What is the "Johnson Amendment?"

Section 501(c)(3) of the Internal Revenue Code permits a federal income tax exemption for human service and other qualifying social sector organizations if they comply with certain conditions. These conditions are intended to ensure that exempt organizations are not operated for the benefit of private interests, such as paying out profits to shareholders or other individuals. Another condition, known as the Johnson Amendment, further provides that 501(c)(3) tax-exempt organizations “may not participate in any campaign activity for or against political candidates.” This language protects nonprofits, religious institutions, and foundations from a relatively narrow range of activities which includes endorsing political candidates and donating to political campaigns. The Johnson Amendment does not impose any limitation on the ability for nonprofits to advocate on behalf of social, moral, and public policy issues.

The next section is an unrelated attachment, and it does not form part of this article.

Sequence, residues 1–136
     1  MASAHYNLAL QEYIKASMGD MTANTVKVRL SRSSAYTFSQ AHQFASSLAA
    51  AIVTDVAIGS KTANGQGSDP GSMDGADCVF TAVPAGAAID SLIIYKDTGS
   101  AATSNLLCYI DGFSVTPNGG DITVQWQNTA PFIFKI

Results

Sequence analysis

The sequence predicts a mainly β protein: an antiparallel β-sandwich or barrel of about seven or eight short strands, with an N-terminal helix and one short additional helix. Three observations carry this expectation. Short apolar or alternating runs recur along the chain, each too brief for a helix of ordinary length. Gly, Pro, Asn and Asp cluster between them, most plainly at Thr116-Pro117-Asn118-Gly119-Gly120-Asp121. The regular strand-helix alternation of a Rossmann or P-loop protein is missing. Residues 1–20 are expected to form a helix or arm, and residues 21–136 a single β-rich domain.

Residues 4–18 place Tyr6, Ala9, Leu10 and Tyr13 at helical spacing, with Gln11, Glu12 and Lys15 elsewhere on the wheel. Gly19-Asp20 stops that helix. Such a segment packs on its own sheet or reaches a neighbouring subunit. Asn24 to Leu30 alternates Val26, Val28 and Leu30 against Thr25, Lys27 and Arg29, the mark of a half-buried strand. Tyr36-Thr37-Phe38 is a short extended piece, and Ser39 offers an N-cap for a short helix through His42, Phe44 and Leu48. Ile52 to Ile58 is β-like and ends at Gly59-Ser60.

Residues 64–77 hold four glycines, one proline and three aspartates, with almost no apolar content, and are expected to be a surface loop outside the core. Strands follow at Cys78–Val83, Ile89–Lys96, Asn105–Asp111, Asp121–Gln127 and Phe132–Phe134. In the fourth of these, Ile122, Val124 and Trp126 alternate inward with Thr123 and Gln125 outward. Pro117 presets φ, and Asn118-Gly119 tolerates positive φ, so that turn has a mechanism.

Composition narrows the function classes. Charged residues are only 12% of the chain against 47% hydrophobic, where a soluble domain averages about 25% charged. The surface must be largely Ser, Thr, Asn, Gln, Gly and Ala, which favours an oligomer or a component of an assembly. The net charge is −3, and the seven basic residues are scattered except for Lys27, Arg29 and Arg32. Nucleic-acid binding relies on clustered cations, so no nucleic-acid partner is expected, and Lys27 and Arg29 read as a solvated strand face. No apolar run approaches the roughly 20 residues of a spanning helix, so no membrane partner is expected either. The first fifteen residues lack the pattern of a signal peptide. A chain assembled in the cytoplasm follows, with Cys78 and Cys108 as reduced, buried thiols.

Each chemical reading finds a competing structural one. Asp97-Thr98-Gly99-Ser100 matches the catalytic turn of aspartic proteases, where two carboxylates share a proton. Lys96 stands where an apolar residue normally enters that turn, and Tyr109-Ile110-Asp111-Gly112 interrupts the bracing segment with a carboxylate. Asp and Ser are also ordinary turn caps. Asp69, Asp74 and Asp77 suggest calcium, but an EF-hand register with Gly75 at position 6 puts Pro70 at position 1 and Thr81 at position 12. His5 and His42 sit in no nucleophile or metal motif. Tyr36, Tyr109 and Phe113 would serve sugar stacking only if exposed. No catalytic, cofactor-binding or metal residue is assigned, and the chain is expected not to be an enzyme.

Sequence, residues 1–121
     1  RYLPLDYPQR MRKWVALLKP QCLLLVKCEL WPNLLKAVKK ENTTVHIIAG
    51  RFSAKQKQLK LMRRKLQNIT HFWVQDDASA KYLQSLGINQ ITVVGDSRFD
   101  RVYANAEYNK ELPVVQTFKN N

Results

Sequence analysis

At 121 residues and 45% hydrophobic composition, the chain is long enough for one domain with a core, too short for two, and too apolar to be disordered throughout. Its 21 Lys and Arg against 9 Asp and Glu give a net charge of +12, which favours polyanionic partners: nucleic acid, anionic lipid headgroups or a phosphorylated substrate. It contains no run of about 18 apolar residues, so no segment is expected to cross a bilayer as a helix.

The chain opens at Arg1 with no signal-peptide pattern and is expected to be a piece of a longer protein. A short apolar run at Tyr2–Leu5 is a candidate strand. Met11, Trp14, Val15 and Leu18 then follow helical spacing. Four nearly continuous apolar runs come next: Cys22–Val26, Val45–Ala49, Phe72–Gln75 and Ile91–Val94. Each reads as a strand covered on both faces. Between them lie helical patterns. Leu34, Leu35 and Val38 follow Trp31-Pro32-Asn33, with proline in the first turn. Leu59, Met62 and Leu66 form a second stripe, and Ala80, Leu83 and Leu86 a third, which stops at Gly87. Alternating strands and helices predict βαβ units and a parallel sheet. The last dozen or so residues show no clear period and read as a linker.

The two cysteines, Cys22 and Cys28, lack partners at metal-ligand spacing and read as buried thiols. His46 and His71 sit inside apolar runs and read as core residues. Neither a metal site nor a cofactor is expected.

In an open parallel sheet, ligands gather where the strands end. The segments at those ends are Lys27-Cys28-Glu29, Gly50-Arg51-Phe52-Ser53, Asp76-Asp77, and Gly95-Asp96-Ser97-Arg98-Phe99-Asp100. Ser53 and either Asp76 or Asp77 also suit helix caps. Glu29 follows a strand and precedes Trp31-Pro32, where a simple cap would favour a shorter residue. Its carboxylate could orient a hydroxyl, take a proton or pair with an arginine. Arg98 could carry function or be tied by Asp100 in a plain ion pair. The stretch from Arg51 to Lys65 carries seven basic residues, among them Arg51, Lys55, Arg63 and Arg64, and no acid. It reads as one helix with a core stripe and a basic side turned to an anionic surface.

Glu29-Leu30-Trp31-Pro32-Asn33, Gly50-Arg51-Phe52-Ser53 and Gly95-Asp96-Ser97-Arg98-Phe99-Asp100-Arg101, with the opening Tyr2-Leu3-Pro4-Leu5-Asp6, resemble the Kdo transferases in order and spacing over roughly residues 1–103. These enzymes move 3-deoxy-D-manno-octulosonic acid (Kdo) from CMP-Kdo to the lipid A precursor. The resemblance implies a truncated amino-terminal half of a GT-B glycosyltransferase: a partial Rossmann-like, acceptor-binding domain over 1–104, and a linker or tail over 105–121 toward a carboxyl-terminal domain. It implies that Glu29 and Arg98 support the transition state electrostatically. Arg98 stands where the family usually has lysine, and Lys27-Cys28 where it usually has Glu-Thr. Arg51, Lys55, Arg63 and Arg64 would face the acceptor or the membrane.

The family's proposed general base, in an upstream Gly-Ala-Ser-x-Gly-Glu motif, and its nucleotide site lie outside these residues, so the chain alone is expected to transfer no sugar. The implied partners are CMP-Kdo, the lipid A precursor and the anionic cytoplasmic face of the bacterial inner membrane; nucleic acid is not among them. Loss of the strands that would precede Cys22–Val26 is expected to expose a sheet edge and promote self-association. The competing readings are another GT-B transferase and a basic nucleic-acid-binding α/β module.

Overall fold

The Johnson Amendment, moreover, does not infringe on the First Amendment rights of any individual or organization. First, the Supreme Court has held that “declining to subsidize” the direct political activities of a nonprofit or religious institution does not infringe an organization’s free speech or freedom of religion. Any nonprofit institution can choose not to incorporate as a 501(c)(3) organization, or can create a separate 501(c)(4) organization to participate in political campaigning. Second, nonprofit and religious leaders are still free to engage in political campaign activities in their capacity as private individuals.

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